Moussaoui's Fate Is in the Jury's Hands

By Jerry Markon and Timothy Dwyer
Washington Post Staff Writers
Tuesday, April 25, 2006

Jurors began deliberating the fate of Sept. 11, 2001, conspirator Zacarias Moussaoui yesterday after prosecutors implored them to send a message to the terrorists who would strike America again and sentence the al-Qaeda operative to death.

"This is the United States of America, and we are not going to put up with a bunch of thugs who invoke God's name to slaughter 3,000 people," said Assistant U.S. Attorney David J. Novak, during closing arguments in which prosecutors called Moussaoui "pure evil" and said "there is no place on this good Earth" for him.

Defense attorneys countered that jurors should reject the "easy answer" of sentencing Moussaoui to death. Because Moussaoui is seeking martyrdom, defense attorney Gerald T. Zerkin suggested, the jury should do the opposite and force him to spend the rest of his life withering in prison.

"He wants you to sentence him to death," Zerkin said. "He is baiting you into it. He came to America to die, in jihad, and you are his last chance."

After all of the emotion and all of the tears, all the weighty matters of national security and the calls for justice for the dead, the case for the execution of Zacarias Moussaoui is now in the hands of the federal jury in Alexandria.

Jurors began deliberating Moussaoui's fate yesterday afternoon after closing arguments that reflected the intense feelings that animated the seven-week sentencing trial. Once more, prosecutors flashed photographs of some of the nearly 3,000 people killed and played videotapes of victims jumping from the burning World Trade Center.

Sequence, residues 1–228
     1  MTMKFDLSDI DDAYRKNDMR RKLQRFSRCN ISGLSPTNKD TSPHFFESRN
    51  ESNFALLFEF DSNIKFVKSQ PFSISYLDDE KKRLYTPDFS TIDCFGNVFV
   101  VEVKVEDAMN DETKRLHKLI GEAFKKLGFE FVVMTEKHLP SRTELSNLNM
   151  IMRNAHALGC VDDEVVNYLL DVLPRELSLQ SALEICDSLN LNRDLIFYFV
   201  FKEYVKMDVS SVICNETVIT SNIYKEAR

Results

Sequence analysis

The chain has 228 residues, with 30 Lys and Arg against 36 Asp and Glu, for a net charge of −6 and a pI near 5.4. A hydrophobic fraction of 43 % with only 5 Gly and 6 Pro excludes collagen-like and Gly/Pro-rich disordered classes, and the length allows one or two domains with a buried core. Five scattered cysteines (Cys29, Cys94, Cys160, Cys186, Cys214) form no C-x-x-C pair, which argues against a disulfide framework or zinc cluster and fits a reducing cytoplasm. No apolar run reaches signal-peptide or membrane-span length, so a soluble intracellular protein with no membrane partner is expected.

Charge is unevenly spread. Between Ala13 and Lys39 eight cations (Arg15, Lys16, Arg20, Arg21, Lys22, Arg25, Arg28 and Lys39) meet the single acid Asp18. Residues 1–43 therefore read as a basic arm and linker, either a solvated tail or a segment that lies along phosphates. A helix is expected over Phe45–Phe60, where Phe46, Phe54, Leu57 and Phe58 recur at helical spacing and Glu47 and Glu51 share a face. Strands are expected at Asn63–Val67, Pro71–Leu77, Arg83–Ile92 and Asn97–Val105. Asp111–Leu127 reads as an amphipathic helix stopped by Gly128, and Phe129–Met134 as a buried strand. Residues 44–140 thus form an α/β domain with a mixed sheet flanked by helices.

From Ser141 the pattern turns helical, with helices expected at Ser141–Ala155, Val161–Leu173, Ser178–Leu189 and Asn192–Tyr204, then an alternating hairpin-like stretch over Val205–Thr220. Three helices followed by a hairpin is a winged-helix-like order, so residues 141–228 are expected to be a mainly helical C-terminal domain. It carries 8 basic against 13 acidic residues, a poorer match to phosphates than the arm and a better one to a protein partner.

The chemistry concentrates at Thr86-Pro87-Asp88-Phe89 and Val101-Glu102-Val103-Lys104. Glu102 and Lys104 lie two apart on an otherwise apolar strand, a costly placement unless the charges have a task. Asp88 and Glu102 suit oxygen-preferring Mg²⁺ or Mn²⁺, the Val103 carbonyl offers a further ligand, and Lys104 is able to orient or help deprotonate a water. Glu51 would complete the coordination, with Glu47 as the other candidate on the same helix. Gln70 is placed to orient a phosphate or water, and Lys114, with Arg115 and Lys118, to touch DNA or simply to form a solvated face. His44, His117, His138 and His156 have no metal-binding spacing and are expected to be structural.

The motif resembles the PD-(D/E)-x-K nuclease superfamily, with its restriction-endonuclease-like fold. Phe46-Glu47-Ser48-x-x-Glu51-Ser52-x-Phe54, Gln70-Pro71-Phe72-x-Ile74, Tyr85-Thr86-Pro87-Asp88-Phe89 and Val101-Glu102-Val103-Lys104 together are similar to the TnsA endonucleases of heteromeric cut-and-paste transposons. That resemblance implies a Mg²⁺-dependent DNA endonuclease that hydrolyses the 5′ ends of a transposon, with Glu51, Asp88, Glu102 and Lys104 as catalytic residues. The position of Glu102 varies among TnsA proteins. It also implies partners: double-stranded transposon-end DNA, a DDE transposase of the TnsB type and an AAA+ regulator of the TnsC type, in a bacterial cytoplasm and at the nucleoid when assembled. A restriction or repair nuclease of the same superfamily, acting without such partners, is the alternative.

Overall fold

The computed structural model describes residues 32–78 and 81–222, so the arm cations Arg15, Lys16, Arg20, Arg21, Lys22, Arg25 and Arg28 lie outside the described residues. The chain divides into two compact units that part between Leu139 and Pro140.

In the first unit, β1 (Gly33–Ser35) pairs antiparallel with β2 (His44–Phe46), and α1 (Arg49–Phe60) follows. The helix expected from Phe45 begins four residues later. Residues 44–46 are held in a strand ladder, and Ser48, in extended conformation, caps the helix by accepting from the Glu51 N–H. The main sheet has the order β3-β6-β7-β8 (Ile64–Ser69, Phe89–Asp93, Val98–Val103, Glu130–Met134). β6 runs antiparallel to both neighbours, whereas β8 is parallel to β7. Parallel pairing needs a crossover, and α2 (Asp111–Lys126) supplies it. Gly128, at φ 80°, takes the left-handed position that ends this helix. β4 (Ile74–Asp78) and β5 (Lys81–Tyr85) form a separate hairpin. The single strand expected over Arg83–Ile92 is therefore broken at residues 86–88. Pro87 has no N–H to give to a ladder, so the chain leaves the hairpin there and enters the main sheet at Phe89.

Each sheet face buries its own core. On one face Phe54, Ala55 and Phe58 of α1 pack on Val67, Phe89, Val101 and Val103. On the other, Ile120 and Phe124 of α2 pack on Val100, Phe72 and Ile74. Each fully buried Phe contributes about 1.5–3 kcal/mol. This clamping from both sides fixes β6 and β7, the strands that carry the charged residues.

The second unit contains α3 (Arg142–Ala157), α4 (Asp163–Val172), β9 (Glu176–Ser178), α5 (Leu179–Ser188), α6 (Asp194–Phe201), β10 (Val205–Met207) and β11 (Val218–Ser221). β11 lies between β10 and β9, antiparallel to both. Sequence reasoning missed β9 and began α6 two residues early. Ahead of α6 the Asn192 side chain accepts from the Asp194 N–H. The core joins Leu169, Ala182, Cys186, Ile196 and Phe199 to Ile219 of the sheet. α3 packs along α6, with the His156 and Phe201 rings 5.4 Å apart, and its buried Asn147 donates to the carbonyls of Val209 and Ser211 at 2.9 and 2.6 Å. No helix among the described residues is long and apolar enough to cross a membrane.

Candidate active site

Defense attorneys displayed photos of their own in the U.S. District courtroom. One showed Martin Luther King Jr., who witnesses said was Moussaoui's childhood hero. A second featured al-Qaeda leader Osama bin Laden. "How did Moussaoui go from having him as an idol," Zerkin said, referring to King, "to having him [bin Laden] as his spiritual guide."

The answer, Zerkin suggested, lies in Moussaoui's troubled childhood, which led to an adulthood in which he was easy prey for recruitment by terrorists.

Jurors filed out of the courtroom with their heads down, looking grim. The last one to leave, a man in a blue suit and a red tie, stared across the courtroom at Moussaoui. The defendant did not look back but had earlier smiled when prosecutors described the suffering of victims of the attacks on the trade center and Pentagon. As he left the courtroom for a midmorning break, Moussaoui shouted: "You'll never get me, America! Never, never!"

Moussaoui, 37, pleaded guilty last year to conspiring with al-Qaeda. He is the only person charged in the United States in connection with Sept. 11. The jury found him eligible for the death penalty last month, then returned to court for a second phase in which prosecutors presented relatives of victims, many sobbing on the stand, who told of their pain and loss. They also showed people jumping, and the towers falling, and played 911 calls of frantic people about to be overcome by smoke and flames.

The Justice Department chose to charge Moussaoui in Alexandria -- instead of New York, where most major terrorism trials have been held -- in part because the jury pool is considered more conservative.

Yet the effort to secure Moussaoui's execution is fighting the weight of recent history: A federal jury in Alexandria has never voted for a sentence of death. Five times since 1998, in cases with defendants ranging from convicted spy Brian P. Regan to two members of the Mara Salvatrucha street gang convicted of killing a federal witness, juries have instead chosen life in prison.

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